When I was in sixth grade, back in Missouri, I was enrolled in a class called “Industrial Arts” where we learned to work with wood, plastic, and leather. It was fun and it taught me nothing that would be useful in any industry practiced anywhere in that postal code, even in the 1980’s. But it did put me on the path that led straight to this project.
Flash forward to a new century, and I started going into more three-dimensional leather sculpting, making Commedia dell’arte masks. As I believe I’ve mentioned before, those masks are complex and challenging and fun to make , but I didn’t fully appreciate how much they are just an entry-level project compared to proper shoemaking.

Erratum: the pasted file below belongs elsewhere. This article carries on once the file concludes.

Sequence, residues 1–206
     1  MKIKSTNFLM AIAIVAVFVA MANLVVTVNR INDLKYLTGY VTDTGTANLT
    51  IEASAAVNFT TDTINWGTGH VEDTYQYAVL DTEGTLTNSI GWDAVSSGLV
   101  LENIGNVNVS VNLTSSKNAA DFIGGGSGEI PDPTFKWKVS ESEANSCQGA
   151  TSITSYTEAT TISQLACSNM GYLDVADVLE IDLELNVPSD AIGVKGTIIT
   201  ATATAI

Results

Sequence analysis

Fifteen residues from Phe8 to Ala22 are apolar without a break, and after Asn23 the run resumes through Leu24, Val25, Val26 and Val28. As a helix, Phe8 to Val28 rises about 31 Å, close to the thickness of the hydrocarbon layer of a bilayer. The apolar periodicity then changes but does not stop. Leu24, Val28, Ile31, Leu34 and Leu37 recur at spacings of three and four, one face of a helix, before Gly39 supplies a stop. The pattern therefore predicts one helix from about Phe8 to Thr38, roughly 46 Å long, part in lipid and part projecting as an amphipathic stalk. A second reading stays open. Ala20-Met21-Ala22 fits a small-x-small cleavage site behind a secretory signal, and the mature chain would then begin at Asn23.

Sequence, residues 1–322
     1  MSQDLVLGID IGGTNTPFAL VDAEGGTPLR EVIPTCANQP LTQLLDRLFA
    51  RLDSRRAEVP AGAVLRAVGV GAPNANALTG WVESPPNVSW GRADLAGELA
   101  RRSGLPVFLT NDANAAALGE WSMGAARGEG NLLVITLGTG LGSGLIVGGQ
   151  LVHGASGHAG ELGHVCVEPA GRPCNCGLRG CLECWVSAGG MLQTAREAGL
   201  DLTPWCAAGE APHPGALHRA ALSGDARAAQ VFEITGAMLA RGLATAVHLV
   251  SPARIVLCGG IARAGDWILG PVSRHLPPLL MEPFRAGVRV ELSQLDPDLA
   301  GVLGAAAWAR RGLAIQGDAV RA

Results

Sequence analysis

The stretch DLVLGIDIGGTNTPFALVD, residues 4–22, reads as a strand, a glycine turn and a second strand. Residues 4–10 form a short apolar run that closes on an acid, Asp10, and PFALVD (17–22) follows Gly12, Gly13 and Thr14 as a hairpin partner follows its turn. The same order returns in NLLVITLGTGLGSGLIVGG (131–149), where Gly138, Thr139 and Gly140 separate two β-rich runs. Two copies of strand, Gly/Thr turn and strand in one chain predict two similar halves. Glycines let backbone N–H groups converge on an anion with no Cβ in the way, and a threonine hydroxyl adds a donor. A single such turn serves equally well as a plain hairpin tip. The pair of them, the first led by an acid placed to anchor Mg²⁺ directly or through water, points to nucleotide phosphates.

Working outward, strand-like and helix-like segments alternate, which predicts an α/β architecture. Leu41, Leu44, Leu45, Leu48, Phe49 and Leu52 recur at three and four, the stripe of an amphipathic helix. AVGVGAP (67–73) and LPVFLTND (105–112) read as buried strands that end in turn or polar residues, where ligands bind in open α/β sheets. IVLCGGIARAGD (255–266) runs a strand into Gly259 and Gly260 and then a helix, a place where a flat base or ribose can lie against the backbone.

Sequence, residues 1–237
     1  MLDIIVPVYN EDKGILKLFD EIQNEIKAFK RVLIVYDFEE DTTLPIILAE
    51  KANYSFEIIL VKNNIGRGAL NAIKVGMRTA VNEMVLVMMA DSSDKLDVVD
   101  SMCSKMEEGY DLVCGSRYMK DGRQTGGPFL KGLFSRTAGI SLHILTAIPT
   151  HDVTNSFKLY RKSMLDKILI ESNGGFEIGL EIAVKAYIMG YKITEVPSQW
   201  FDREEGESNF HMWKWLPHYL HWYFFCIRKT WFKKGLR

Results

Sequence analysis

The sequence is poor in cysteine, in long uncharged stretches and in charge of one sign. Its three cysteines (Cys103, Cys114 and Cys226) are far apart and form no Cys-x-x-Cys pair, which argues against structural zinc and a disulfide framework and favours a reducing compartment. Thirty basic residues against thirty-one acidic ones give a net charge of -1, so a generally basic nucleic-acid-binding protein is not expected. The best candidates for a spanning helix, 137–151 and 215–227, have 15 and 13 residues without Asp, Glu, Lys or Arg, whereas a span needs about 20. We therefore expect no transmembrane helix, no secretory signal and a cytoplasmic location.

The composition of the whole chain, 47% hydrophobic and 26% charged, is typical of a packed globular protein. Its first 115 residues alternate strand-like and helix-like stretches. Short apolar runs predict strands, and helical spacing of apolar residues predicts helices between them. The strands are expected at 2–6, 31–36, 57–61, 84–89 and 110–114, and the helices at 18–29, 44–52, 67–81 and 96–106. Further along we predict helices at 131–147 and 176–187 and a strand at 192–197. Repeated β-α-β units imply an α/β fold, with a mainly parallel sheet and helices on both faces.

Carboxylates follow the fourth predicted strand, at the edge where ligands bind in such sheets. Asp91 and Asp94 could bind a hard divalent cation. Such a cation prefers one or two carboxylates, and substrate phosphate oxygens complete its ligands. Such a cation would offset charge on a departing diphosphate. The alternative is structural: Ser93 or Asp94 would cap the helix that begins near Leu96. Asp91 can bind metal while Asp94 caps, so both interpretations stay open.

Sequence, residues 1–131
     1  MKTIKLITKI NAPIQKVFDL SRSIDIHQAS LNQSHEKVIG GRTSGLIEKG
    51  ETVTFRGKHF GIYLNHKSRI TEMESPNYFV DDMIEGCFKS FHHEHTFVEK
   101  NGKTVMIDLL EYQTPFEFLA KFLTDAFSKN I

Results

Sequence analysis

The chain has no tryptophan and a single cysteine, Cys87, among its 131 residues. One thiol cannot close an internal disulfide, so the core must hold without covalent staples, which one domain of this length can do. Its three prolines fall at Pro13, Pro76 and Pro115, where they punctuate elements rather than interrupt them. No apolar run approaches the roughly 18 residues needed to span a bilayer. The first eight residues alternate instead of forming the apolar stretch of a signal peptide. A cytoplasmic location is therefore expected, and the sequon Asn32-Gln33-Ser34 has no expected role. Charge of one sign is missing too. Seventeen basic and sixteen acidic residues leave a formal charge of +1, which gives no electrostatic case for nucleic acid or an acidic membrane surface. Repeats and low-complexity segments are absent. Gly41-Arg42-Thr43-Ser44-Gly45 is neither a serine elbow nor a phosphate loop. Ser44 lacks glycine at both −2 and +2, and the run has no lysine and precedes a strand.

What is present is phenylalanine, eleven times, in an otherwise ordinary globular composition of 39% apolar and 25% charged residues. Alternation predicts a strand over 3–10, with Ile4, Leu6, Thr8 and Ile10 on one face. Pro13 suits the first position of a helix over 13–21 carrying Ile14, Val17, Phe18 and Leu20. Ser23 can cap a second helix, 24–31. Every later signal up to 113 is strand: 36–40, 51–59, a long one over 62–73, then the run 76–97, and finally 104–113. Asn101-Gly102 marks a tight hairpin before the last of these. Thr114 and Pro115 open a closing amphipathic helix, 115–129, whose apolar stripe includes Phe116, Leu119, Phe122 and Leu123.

Cordwaining might well be the most advanced class of leatherworking I ever attempt. I was ready for shaping leather, but not for the sewing. There’s not much sewing in the masking trade.
To prepare properly, I’m going to make two projects that are neither mask nor shoe, but which will allow me to practice key aspects (read: sewing) of the craft that are specifically relevant to the cordwainer.
The first project will be a costrel, which is a water vessel and a step back into the guild of horners and leather bottellers. Last time, we made a jack with a flowerpot, but this time we’re essentially going to make a leather barrel for holding water.
When it’s done, it will look something like this.
But we have a few steps we have to take to get there, and at least one cool cordwaining tool to make in the interim.